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I've noticed a seemingly increasing number of students now refer to the end result of programming to be "a code" rather than "a program", "a script", or even "some code". For example, taken from a report I'm currently reading:

Next, code was written to put all of the values in SI units. […] A new code was then written just to provide the density outputs […]

The first use of the word "code" I'd consider to be correct; the second not. (It goes without saying that they're not referring to literally a single command given to the computer.) My impression is that this error is a new mistake that "kids these days" are making for some reason.

This leads me to wonder:

  • Is this actually a new error that students are making, or have I just not hung out enough in the past with people that don't know how to refer to programming? (This might not be possible to answer.)

  • But on a more basic level, what is causing people to make this mistake in the first place? The use of the word "code" to me seems quite natural but evidently it's not (or is no longer).

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    Similarly, I have also seen numerous instances of "a software". Many of those have, to my certain knowledge, been generated by non-native speakers of English. – Erik Kowal Jun 5 '14 at 7:18
  • I should clarify that I'm talking about Australian speakers (English first language). Articles are always tricky for non-fluent ESL students, especially from Chinese-language backgrounds. – Will Robertson Jun 5 '14 at 8:33
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    I guess I don't hang out with coders enough, either—I've never seen this usage, and it looks quite bizarre to me. – Janus Bahs Jacquet Jun 5 '14 at 8:48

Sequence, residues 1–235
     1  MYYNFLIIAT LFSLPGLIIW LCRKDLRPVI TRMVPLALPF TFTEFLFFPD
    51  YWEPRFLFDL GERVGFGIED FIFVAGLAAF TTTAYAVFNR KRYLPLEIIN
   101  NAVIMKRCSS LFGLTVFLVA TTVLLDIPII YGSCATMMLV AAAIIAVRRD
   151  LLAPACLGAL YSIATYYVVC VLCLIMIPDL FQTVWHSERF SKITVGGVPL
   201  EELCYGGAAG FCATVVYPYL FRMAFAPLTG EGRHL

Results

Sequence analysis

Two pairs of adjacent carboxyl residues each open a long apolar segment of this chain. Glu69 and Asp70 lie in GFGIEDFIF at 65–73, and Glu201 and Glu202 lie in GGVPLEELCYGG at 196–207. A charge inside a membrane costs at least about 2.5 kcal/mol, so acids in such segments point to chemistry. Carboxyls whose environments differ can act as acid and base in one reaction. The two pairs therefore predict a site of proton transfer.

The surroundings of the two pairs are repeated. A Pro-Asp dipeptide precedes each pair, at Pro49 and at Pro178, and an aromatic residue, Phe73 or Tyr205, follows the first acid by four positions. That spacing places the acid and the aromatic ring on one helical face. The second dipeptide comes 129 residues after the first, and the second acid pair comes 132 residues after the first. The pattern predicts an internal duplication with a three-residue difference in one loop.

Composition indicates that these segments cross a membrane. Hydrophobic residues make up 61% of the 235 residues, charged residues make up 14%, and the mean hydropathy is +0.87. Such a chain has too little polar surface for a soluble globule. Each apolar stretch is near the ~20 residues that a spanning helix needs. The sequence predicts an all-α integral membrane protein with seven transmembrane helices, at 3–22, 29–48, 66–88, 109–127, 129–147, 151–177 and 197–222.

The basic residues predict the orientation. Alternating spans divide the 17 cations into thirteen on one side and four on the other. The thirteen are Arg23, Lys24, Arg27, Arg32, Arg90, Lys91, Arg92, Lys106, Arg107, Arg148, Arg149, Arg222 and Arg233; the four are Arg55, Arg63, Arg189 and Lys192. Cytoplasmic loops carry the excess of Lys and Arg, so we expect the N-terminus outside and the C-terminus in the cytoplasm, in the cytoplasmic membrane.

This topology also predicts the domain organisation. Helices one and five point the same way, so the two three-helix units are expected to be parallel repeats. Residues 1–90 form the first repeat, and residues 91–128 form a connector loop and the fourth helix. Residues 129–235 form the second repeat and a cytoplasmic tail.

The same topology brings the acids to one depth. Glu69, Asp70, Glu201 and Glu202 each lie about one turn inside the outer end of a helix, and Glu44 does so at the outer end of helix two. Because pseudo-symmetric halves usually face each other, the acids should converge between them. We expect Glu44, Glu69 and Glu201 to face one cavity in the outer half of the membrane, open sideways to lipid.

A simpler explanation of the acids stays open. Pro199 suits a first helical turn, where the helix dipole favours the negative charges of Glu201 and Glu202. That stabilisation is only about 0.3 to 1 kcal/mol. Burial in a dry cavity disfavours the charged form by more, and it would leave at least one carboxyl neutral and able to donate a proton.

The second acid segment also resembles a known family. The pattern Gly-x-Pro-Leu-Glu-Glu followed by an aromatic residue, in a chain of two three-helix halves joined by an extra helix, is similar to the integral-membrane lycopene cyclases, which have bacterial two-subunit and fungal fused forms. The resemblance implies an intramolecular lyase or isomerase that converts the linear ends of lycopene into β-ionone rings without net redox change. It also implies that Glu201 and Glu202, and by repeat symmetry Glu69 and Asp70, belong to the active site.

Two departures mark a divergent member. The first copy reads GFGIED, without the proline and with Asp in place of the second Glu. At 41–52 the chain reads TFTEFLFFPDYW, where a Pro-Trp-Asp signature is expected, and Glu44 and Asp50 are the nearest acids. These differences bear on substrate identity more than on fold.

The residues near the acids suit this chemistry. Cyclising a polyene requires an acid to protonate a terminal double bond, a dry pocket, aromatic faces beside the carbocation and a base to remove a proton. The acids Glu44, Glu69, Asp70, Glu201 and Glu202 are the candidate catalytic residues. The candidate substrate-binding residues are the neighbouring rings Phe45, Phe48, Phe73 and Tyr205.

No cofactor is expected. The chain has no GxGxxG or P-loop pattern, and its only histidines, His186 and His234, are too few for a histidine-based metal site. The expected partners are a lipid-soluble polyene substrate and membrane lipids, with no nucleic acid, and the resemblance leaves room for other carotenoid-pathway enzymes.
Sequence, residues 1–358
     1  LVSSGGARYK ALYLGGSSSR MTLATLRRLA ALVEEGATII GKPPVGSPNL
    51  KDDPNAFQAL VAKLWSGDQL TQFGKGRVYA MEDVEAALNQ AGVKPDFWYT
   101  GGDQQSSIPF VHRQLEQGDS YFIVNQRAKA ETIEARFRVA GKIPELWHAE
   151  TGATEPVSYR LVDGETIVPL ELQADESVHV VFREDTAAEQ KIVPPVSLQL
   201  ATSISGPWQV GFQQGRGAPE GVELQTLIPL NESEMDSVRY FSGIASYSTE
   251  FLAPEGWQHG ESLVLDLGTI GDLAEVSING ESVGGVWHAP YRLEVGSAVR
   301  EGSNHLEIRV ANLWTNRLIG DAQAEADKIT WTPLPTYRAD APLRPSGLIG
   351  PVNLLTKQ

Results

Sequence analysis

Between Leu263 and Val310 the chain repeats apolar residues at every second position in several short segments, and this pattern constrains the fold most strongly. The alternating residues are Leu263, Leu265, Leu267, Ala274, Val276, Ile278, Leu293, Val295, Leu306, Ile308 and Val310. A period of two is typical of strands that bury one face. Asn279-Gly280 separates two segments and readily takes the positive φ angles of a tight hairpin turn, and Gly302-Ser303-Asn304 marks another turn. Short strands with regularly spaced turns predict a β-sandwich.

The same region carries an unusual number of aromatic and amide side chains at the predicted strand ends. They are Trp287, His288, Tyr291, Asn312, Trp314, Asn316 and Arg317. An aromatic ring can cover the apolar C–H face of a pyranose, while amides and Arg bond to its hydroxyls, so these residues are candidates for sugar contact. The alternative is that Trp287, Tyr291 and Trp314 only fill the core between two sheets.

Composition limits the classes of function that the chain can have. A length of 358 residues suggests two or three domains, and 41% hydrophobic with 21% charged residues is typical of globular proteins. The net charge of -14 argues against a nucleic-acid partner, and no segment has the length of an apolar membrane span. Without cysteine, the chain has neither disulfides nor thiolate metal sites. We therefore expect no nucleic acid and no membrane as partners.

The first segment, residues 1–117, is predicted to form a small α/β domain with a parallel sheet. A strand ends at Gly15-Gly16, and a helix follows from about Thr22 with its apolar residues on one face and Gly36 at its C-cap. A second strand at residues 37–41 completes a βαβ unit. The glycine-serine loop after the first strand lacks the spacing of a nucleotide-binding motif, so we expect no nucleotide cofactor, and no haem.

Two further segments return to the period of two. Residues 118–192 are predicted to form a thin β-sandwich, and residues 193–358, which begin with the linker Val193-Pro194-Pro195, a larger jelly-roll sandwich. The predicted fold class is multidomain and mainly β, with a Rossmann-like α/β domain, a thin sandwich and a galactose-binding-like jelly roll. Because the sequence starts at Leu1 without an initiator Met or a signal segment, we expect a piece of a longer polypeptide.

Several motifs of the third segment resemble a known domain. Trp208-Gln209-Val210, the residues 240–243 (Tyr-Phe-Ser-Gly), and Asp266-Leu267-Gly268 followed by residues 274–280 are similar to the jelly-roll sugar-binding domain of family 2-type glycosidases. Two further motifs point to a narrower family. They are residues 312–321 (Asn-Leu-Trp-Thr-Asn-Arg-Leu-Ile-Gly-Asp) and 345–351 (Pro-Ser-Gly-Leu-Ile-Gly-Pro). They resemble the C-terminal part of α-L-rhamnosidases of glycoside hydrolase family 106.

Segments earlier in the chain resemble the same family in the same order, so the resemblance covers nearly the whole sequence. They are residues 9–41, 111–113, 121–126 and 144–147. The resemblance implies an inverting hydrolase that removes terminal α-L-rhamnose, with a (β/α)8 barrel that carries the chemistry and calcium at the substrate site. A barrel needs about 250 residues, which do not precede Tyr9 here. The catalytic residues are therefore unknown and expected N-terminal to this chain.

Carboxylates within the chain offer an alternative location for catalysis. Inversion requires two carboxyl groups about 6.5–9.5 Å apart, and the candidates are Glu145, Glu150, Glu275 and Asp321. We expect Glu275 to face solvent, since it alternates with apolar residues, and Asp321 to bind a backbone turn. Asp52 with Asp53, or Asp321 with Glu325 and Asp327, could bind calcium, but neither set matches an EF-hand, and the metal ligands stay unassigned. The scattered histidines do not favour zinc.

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In programming jargon the first use ("code was written") is clearly correct while the second use ("a new code was written") is incorrect.

However, I suspect that this use of the word "code" is the strange one from a broader linguistic perspective.

When the word "code" is used in regular language (meaning "a collection of rules" or some variation of that) it is entirely correct to say "a code" (e.g. "a code of conduct", "a building code", "a code for telegraph communication").

So in regular language use "code" is a count noun but in programming jargon it is a mass noun.

This entry for the word "code" in The Jargon File shows that this conflict is well established:

  1. n. The stuff that software writers write, either in source form or after translation by a compiler or assembler. Often used in opposition to “data”, which is the stuff that code operates on. Among hackers this is a mass noun, as in “How much code does it take to do a bubble sort?”, or “The code is loaded at the high end of RAM.” Among scientific programmers it is sometimes a count noun equilvalent to “program”; thus they may speak of “codes” in the plural. Anyone referring to software as “the software codes” is probably a newbie or a suit.

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